PARENTS

Child Suicide: Ontario Parents Still Want Public Inquiry Into 12-Year-Old's Death

01/25/2017 10:16 EST | Updated 01/25/2017 10:21 EST

While public awareness campaigns are fighting to end the stigma associated with adult mental illness, two Ontario parents are hoping the same spotlight can be shone on children's mental health.

Janet Ashby-Petrella and Frank Petrella of Cobourg, Ont., are heartbreakingly aware of the stigma and hurdles surrounding this issue. In August 2014, their 12-year-old son Chazz hung himself from a tree in their backyard, despite years of seeking assistance from numerous medical practitioners, agencies and organizations.


Sadly, Chazz is one of far too many. In Canada, suicide is the second-leading cause of death for kids aged 10 to 24, according to the Canadian Mental Health Association.

Ontario had an average of 52 suicide deaths each year from 2013 to 2015 by kids aged 10 to 18. Kids Help Phone recently reported one in every five callers surveyed had considered suicide.

Knowing these statistics, Chazz's parents and four older siblings want answers. They want to know how the system failed their son and brother because they don't want this to happen to any other family.


However, Chazz's family was denied a public inquest into his care in July 2016 after a two-year investigation by the Pediatric Death Review Committee (PDRC).

The PDRC reports to the Ontario Chief Coroner and is responsible for investigating deaths of children or youth when concerns have been identified with their diagnosis or care.

The PDRC and Kingston supervising coroner Dr. Paul Dungey found Chazz's care to be "good" and advised the family that the agencies and organizations involved had taken voluntary steps to improve any concerns found during their investigation. But the family thinks more needs to be done.

"The system that failed Chazz cannot be simply 'fixed' behind closed doors by the representatives of that very system," maintain Chazz's mom and dad in a letter sent in July 2016 to Dr. Dirk Huyer, Ontario's Chief Coroner.

They want Dr. Huyer to use his discretionary power to call a public inquest by jury. They feel that many key questions about their son's care haven't been answered, and some questions were not even asked at all.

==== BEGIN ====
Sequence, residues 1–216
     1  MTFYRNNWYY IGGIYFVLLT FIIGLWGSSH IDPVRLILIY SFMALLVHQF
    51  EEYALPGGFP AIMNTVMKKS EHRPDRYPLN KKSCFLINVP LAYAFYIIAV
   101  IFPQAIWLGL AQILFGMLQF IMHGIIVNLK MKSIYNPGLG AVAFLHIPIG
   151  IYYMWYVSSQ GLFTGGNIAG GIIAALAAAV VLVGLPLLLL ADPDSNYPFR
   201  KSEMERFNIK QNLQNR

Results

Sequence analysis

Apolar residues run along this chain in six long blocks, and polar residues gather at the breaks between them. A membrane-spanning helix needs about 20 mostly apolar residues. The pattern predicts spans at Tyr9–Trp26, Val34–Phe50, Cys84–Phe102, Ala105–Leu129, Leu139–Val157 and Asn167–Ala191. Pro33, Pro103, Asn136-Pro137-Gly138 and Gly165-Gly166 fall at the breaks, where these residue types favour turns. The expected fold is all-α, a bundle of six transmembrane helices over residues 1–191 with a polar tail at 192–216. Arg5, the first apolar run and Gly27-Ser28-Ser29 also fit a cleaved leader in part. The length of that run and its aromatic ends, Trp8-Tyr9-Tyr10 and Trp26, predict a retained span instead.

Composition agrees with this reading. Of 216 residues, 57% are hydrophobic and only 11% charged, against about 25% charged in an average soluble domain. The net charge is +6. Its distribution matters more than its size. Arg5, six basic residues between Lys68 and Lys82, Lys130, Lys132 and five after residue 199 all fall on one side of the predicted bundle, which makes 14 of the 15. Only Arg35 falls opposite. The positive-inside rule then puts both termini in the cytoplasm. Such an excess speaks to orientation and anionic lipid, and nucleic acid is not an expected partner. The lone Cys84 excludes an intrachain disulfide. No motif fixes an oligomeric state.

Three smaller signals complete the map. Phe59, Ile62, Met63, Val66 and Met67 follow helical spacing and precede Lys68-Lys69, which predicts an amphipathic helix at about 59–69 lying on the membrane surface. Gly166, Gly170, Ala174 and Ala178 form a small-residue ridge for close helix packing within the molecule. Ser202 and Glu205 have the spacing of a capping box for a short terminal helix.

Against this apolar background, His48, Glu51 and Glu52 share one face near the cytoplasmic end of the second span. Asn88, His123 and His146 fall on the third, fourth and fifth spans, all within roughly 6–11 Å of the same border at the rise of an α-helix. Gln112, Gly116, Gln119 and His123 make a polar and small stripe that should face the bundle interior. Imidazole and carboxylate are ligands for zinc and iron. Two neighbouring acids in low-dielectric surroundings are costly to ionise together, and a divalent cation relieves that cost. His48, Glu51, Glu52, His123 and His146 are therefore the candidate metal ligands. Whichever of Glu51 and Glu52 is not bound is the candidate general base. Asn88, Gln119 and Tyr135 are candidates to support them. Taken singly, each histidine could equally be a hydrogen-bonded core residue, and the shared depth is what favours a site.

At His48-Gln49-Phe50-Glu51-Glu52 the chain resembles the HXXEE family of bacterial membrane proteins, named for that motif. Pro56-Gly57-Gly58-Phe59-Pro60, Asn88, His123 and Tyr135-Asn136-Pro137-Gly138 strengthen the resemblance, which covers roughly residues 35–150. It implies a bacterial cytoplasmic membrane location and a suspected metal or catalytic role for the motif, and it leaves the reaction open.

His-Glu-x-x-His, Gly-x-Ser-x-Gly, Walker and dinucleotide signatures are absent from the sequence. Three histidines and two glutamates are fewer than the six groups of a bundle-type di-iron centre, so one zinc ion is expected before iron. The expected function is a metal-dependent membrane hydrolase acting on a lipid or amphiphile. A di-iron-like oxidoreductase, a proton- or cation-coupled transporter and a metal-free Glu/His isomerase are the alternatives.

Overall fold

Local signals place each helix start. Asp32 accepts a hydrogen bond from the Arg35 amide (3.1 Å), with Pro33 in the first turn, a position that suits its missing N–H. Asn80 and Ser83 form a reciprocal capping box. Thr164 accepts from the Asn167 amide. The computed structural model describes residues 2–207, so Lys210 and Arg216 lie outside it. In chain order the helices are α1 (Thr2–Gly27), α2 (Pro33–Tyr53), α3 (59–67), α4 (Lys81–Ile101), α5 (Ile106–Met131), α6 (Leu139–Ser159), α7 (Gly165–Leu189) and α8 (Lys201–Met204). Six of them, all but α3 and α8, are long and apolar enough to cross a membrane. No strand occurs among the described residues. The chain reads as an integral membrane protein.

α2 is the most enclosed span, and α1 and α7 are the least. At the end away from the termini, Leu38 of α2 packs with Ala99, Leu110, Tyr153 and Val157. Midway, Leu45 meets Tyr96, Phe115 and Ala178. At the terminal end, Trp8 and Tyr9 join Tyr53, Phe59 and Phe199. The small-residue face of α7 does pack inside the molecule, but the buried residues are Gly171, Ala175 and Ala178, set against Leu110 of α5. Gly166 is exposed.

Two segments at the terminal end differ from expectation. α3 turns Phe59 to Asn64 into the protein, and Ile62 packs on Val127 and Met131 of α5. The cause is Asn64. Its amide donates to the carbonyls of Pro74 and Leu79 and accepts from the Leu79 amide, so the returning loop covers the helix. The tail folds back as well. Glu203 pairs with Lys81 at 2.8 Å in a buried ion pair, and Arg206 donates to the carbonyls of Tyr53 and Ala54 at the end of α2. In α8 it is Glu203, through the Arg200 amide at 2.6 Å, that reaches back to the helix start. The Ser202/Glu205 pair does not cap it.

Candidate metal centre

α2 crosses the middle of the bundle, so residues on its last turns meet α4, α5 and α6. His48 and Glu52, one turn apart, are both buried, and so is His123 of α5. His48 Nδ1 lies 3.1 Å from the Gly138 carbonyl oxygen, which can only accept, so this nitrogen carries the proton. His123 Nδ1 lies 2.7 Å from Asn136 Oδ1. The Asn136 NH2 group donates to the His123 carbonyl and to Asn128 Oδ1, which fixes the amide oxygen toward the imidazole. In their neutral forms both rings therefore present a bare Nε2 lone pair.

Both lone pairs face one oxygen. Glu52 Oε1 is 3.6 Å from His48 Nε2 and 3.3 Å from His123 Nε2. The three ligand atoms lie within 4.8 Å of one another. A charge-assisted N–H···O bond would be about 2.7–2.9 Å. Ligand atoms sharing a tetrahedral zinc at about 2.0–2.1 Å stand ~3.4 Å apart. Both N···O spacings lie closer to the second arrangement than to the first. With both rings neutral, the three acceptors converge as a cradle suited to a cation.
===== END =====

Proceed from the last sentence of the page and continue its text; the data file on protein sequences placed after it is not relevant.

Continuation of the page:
In the same letter to Dr. Huyer their lawyer Julie Kirkpatrick states:

"My clients again ask you to recognize that a public inquest into the complete circumstances surrounding Chazz’s death is the only mechanism that will achieve a reliable factual foundation for meaningful recommendations to be made by a jury of individuals who have not emerged from, worked within, or become invested in the very system that failed Chazz and his family. My clients believe that the nature and result of this coroner’s investigation underscores the need for a jury of citizens to take a deep and careful look at what actually went so terribly wrong for Chazz."

Irwin Elman, Ontario's Provincial Advocate for Children and Youth, doesn't mince words when he describes Ontario's mental healthcare system for children: "At best, we don't actually have one, and at worst, it's a mess."

He says Ontario isn't alone and that his counterparts in other Canadian provinces have similar frustrations. Elman has identified the following problems:

1. Fragmented and sometimes conflicting silos among Ontario services such as healthcare providers, community services, justice systems, schools and child-centric agencies.

2. Little collaboration between these support mechanisms.

3. Some treatment options have wait times exceeding 300 days.

4. Parents don't have any support in navigating the system when they try to find the right help for their child's mental illness, leaving entire families debilitated.

In light of all of this, Elman feels a public inquiry is an opportunity for those involved in Chazz's care, including his parents, "to come around him." This is a term he uses to describe how those individuals and mental healthcare organizations can move past defensiveness and blame because nobody wanted this to happen to Chazz.

"A jury of citizens in Chazz's community can objectively hear what happened to him, although it may be painful," says Elman. "And apply a lens of common sense to see what needs to change."


Meanwhile, Chazz's parents wait.

A public inquiry seems to be a way for them to finally find the right help on behalf of Chazz, to ensure other families dealing with childhood mental illness don't have to endure what they've been through.

Nothing will bring back their child, but changes to the system for children would at least give his death some meaning.

Where to get help:

1. Kids Help Phone: Call 1-800-668-6868 or visit www.kidshelpphone.ca for online chat counselling.

2. Canadian Association for Suicide Prevention: Find a 24-hour crisis centre here.

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